Rosh Hashanah - Yom Kippur by Quest

Can you feel it? That slight tingle of excitement alerting us that the holiday season is coming. The summer is ending and Chagei Tishrei are right around the corner.

This is just the time to start planning; which holiday dinner is hosted where, who’s cooking what, and of course, the presents. Gifts for your hosts to thank them for their hospitality and friendship. Gifts for the family, to remind them how much you love them. And most importantly, a little something special for youself and your home.

This vertaile category of Judaica items for Rosh Hashanah and Yom Kippur has a wide variety of items for you to choose from. Be it a new yarmulke with a traditional design or a school logo to wear during the holiday. You may be after a honey and apple plate for your friends and family. It might be time for a new Kiddush cup with a personalized engravement. All these lovely items and more are found here, all for you to create a memorable holiday experience for yourself and your loved ones.

Why do we eat apples and honey on Rosh Hashanah?

One of our most commonly known traditions, dipping an apple in honey, is highly recognized with Rosh Hashanah. We say Shanah Tovah VeMetukah, to wish each other a Good Year, and we signify the good that is awaiting us, with sweet honey on a crisp and healthy apple.

Apples and honey have healing properties. As we bite into a honey dipped apple to absorb its delicious vitamins, we’re both bestowing ourselves with immediate health effects and manifesting our wishes for a full year of vitality and moral.

This traditional combination has been passed down for generations and it has become a staple food for Rosh HaShanah. Apples are even among the fruits suspected to be in the Garden of Eden. This coming Rosh HaShana, spread a nice coat of honey on your apple, close your eyes, smell that heavenly orchard and take a healthy bite of the Garden of eden. Make it a perfect experience with one of our lovely apple and honey dishes, like this lovely piece.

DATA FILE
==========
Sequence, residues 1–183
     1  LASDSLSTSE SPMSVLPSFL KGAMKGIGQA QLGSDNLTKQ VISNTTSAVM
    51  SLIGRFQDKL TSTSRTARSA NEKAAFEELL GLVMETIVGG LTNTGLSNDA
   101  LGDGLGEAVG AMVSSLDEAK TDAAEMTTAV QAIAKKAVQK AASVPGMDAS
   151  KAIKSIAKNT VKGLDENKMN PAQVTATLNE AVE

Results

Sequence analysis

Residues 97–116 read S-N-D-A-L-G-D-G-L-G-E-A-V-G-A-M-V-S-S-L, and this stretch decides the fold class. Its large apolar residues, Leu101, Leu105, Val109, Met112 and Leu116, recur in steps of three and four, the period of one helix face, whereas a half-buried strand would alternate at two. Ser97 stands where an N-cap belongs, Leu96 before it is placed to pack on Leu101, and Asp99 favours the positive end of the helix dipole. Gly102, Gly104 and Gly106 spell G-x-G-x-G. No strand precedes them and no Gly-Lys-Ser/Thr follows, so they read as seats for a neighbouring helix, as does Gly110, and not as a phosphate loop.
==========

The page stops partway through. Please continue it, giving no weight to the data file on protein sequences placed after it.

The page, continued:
Why do we eat pomegranates on Rosh Hashanah?

A pomegranate is beautiful fruit. It’s only available for a few months, and when we see the pomegranate tree in bloom, we know the holiday season is right around the corner. One of the most common greetings for Rosh HaShanah means - may your mitzvahs be as many as a pomegranate’s seeds. This heartfelt blessing is heavy with meaning. We’re actually saying we want our loved ones to be counted as good and righteous people when Yom Kippur comes along and we are judged for our merits.

And indeed, it is traditionally said that a pomegranate has 613 seeds, just like the number of mitzvahs. It is a great Segulah to eat the seeds of a pomegranate on Rosh HaShanah, with its many healthy antioxidant traits. But do watch out, those juicy pellets can easily stain your neat holiday clothes.

We suggest you give this healthy and frisky fruit the respect it deserves by placing it on its own throne. A pomegranate glass bowl that comes with a dedicated spoon is one of many lovely options for keeping this delicious fruit out of your white shirts.

Why do we wear white on Yom Kippur?